We have a man who was born blind…and now he’s not. That should spark the awe and wonder of the people and the religious leaders…and it does not. What do we do with that?
First, remember that the opening section of the reading goes with the earlier part of the chapter. You have to read John 9:1-12 so that you know who John 9:13 is referring to.
From there, we see the development of the story of this man. The Pharisees do not know how to handle the fact of his healing. Here is Jesus, violating their understanding of the Sabbath, healing a man. Which is not something that medicine could do–they knew full well that nothing in human means could heal someone born with blindness.
What do they do with that? Try to ignore it. That was all they could come up with, ignore what God had done. Not the best approach.
We continue into John 10 and you can see what Jesus says here. He’s talking about the unity of the flock, with Him as the Good Shepherd. There are callbacks here to Micah 2 and Psalm 118, and it’s an illustration that everyone would have understood. The idea that someone would sacrifice himself for sheep? Sheep were plentiful…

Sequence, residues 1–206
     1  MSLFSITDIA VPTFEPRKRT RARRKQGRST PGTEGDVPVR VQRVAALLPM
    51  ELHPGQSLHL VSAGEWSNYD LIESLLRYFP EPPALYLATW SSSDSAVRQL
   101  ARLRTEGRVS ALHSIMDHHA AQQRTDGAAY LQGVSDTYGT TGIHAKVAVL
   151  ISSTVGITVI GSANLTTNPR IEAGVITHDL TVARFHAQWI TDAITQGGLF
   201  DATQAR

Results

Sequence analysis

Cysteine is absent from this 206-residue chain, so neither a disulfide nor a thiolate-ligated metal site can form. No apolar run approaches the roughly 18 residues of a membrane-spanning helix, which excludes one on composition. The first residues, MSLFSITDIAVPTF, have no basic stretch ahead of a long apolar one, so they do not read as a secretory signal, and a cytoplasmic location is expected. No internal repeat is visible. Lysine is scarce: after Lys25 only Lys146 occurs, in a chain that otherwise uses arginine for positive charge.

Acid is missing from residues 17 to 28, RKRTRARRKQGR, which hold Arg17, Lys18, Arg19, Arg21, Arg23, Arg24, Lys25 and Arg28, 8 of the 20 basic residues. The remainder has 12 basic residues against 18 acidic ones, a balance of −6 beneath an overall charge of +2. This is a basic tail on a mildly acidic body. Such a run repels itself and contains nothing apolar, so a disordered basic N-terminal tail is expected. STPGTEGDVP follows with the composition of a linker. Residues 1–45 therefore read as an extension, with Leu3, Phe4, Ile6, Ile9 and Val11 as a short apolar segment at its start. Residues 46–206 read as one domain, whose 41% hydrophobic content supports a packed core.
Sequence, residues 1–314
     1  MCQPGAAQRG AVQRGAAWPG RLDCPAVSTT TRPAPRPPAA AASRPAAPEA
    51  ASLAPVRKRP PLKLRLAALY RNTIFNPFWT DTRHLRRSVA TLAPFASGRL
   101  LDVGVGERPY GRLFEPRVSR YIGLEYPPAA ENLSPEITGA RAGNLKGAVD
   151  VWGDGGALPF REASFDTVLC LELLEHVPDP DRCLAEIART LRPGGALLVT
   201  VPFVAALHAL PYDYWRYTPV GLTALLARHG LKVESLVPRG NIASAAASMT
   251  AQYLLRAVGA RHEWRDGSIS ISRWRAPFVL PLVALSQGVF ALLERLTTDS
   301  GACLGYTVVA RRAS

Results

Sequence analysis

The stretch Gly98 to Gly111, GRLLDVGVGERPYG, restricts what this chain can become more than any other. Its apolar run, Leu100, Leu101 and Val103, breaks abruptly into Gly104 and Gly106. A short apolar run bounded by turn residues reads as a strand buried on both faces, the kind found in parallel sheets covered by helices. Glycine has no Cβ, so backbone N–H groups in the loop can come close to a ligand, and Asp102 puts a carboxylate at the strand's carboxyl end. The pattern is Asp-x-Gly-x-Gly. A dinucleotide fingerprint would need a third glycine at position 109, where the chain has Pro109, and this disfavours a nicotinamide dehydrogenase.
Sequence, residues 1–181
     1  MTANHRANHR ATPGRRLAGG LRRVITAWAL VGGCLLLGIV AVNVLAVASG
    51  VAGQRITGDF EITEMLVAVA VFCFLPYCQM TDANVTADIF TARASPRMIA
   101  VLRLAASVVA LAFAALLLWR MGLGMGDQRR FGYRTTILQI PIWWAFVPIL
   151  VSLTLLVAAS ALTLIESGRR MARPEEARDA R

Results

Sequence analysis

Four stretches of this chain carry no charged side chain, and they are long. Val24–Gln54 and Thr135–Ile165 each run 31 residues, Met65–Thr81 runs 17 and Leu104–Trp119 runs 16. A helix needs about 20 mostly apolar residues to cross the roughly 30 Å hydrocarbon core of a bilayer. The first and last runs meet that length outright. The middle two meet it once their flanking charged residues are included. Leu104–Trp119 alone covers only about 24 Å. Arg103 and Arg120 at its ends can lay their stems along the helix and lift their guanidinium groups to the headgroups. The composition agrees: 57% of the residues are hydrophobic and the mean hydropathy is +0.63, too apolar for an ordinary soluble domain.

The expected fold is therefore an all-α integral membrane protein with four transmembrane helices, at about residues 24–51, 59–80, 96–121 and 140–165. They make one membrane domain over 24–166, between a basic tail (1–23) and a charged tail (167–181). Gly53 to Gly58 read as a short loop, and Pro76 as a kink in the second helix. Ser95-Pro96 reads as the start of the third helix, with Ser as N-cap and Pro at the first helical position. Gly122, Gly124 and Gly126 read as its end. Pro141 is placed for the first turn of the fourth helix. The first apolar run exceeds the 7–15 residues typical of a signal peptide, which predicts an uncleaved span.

Remember, though, that this is more about how good Jesus is and not primarily about us. Also, don’t take the “other sheep” any farther than Gentiles.
Then Jesus attends the Jewish Feast of Dedication–this is what we now know as Hanukkah. The foundation of this feast is in the Maccabean Revolt of the 2nd century BC, and it’s a history worth knowing. A good study Bible will have that in the “Time between the Testaments” section. A nerdy study Bible will call it “Intertestamental History.” Take your pick.
The main thing we are seeing in this section is the growing division among the people about Jesus. They are soon to be forced to make a choice between Jesus and the way things have always been. The same choice that often confronts us.